PC HARDWARE | Review: Ryzen 7 2700 performance and overclocking
For this part of the 2nd gen Ryzen reviews, we have the Ryzen 7 2700 and we’ll put it up head to head against the first generation Ryzen 7 1700.
Just like it’s predecessor, the Ryzen 7 2700 is an 8-core/16-thread CPU but only with higher base clock of 3.2GHz and a boost clock of 4.1GHz. It also has the same amount of L1, L2, and L3 cache, and also same TDP (thermal design power) of 65w.
Just like with the other 2nd Generation Ryzen processors, this uses the much refined 12nm CMOS die technology which allows it to have higher clock frequencies out of the box.
And just like the Ryzen 7 1700, the Ryzen 7 2700 also comes with the same 95w TDP Wraith Spire with RGB LED. That box cooler is actually beefy enough for a decent overclock but ofcourse, getting an aftermarket cooling solution is recommented for better overclocking headroom.
For overclocking and benchmark tests, we will be using the following components:
- CPU: Ryzen 7 2700, Ryzen 7 1700;
- CPU cooler: Noctua NH-D15S;
- Memory: two sticks of 8GB G.Skill Sniper X 3400Mhz memory modules;
- Motherboard: Gigabyte X470 Gaming 7 Wifi;
- GPU: MSI RX 570 Armor 8G OC;
- Powersupply: ULTRA X3 650w modular PSU.
The Ryzen 7 2700 has a higher clock speed than the Ryzen 5 1700 out of the box and we were able to push it up to a stable 4.1GHz with 1.395v on the CPU core voltage using the latest version of the Ryzen Master Software.
The Ryzen 7 1700 on the other hand can only go up to 3.9GHz on 1.42v on the CPU core voltage.
For the benchmarks, we will do a series of tests with different applications to see what has improved with the Ryzen 7 2700.
First results shown are the results with Cinebench R15 on both single core and multi-core test runs.
As you can see with the single core tests:
- There is a difference of 27.69% between the Ryzen 7 1700 and 2700;
- and when both are overclocked to their maximum stable clock speeds, there is a 6% difference between both processors;
- The difference between a stock Ryzen 7 1700 between the Ryzen 7 2700 at 4.1GHz is around 30%.
Same goes with the multi-core test:
- There is an 8% difference the two processors on stock;
- but there is a 32% difference between a stock Ryzen 5 1600 and the Ryzen 5 2600 at 4.1GHz.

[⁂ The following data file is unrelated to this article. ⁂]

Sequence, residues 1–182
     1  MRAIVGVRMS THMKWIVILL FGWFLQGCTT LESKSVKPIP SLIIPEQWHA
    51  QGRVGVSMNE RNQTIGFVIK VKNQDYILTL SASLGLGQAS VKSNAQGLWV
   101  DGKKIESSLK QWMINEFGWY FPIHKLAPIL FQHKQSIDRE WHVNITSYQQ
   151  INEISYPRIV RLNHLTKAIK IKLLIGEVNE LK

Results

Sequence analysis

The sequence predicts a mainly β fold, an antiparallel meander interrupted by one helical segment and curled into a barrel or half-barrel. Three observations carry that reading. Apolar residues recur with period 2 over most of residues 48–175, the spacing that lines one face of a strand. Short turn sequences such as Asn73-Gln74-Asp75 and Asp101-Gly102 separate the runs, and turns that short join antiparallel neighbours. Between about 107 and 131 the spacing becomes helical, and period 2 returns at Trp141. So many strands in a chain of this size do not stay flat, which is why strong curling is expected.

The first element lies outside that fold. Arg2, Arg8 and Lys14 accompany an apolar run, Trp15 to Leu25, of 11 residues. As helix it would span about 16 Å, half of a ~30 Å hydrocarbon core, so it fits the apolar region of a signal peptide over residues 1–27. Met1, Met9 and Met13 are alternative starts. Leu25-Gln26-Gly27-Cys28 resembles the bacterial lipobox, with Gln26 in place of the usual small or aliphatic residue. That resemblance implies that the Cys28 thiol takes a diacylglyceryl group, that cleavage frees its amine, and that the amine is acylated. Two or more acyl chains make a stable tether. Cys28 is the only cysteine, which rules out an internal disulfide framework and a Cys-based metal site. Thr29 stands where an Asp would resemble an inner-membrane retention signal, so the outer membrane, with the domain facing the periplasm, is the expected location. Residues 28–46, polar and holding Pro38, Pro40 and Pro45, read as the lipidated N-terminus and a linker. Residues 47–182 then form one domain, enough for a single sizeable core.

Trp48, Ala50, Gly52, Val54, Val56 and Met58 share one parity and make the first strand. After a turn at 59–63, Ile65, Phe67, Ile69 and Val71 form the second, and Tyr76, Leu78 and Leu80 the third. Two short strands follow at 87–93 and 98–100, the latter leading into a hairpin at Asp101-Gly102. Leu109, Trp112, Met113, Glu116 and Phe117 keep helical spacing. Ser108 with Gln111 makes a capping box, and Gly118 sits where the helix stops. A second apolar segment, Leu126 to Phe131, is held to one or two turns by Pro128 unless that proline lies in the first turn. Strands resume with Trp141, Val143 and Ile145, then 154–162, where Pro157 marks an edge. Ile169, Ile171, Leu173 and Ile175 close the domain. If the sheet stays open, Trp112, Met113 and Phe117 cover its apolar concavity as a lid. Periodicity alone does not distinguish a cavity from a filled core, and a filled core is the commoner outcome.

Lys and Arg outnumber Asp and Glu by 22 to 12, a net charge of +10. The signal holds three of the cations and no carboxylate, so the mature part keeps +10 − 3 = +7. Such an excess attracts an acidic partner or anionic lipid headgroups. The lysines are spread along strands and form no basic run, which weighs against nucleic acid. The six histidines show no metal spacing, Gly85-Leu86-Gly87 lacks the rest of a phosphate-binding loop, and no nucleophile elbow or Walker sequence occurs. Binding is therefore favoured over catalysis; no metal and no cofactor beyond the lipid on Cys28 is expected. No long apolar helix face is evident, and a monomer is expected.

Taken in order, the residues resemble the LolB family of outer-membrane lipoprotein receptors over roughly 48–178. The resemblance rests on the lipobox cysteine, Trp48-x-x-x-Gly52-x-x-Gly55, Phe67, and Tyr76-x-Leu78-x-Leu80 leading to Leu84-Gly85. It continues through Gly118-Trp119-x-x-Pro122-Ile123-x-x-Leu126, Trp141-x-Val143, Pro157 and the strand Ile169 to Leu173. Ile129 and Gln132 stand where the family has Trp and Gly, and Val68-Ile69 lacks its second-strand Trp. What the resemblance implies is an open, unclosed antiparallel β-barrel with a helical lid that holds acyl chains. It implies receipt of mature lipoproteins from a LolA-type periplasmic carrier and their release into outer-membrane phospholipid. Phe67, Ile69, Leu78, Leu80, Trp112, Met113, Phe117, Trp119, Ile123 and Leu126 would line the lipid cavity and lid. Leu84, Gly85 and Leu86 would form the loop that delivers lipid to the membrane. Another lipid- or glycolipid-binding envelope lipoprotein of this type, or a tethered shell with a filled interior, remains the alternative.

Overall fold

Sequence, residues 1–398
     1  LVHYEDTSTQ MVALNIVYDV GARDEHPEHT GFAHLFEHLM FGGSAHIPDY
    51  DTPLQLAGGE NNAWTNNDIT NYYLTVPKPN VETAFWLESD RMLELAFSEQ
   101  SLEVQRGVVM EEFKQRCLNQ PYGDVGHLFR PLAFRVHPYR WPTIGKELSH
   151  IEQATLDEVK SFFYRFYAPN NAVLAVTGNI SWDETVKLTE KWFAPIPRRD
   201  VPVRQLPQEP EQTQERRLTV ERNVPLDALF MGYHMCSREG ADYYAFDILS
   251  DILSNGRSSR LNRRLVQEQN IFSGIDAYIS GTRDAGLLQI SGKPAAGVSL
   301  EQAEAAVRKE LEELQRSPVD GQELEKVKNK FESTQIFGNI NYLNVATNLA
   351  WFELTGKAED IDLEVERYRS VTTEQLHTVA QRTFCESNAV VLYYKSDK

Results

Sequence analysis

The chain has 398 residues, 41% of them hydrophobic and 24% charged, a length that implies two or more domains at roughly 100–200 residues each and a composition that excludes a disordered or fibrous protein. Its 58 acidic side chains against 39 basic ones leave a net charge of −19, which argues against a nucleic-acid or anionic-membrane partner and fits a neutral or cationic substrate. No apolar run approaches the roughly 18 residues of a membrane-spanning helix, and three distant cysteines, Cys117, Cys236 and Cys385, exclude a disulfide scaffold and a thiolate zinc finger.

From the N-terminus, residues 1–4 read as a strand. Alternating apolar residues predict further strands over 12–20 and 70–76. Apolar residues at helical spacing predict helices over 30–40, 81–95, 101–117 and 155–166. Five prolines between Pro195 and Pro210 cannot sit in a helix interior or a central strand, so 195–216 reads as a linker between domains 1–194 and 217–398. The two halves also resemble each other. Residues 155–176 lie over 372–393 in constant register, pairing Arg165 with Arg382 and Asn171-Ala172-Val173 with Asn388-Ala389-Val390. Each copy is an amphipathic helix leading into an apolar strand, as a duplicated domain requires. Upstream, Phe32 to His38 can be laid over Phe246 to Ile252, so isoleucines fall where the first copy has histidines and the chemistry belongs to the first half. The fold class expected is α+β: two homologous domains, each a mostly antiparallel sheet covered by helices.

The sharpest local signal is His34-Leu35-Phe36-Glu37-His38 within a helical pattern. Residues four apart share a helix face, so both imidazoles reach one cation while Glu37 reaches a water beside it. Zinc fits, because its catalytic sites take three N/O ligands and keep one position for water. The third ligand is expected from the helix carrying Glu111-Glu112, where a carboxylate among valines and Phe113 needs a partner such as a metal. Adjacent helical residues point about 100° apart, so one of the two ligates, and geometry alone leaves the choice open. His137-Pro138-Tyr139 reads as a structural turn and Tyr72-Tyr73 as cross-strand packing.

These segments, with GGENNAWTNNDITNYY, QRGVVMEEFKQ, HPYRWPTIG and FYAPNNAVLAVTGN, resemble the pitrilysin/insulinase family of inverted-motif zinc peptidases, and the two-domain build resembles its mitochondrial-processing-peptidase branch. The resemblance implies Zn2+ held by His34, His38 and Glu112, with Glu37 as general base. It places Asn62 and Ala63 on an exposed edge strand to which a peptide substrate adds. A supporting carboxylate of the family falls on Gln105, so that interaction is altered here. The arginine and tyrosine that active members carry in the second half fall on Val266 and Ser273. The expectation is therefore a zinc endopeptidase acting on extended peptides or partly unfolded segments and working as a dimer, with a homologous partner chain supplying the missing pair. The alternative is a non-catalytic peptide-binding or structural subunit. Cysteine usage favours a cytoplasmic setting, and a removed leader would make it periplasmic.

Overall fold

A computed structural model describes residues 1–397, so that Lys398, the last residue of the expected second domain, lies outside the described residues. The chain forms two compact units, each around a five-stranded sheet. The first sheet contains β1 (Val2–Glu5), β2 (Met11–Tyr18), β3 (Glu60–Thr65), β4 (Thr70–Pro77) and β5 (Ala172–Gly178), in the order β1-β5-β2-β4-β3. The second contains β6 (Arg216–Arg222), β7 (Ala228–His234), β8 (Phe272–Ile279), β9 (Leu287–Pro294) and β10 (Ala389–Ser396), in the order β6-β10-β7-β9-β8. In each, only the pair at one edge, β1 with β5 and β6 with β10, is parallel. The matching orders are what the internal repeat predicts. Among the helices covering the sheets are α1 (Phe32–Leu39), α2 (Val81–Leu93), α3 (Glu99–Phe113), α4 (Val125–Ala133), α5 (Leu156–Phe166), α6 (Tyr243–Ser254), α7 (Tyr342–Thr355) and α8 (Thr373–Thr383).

Next we used 3DMark’s Time Spy and Fire Strike benchmarks and there is a significant difference in CPU scores between both processors.
Both CPU scores show that there is at least an 6.5% difference in performance between the two processors.
Now let’s take a look at the memory latency between the two processors. This is an important factor because Ryzen processors gain a significant performance increase and efficiency with better memory latency that mainly results in snappier CPU performance thanks to the interaction of the CPU Complex (CCX) with DDR4 memory that leads to faster Infinity Fabric and hence faster communication between each CPU cores and the L3 cache.
In real world scenarios like rendering and gaming, users might not notice a significant increase in performance just as shown in the charts below but this doesn’t mean that the Ryzen 5 2600 doesn’t have it’s value.
With the second generation Ryzen 7 2700 and it’s improved memory compatibility, we were able to utilize up to 3600Mhz of dual channel memory without flashing a single new bios on both X470 motherboards that we have on hand. Everything is refined out of the box unlike when the first generation of Ryzen processors was released.
There is a lot of performance benefits in gaming and creative workloads with lower memory latency and cache latency, allowing much more smoother performance in any tasks given.
The Ryzen 7 2700 is a worthy successor to the 8-core processor line up of Ryzen CPUs in terms of performance and value: the performance and stability gains in gaming and productivity with the Zen+ architecture is made more affordable is the key takeaway.